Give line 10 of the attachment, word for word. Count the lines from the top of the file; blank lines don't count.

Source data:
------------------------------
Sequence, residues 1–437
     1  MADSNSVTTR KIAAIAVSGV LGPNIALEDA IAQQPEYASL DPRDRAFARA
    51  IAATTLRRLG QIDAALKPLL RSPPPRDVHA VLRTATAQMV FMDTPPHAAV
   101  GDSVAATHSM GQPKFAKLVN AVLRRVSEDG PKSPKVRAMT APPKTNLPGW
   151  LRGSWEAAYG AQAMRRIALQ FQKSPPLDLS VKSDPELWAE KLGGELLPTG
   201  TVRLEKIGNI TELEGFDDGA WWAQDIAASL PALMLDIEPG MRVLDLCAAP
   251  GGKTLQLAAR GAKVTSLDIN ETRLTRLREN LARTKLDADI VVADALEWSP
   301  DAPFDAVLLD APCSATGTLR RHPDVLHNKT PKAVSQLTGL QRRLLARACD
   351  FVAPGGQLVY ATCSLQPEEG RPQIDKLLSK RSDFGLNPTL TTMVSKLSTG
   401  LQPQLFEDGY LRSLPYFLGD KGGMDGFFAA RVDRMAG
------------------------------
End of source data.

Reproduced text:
   401  LQPQLFEDGY LRSLPYFLGD KGGMDGFFAA RVDRMAG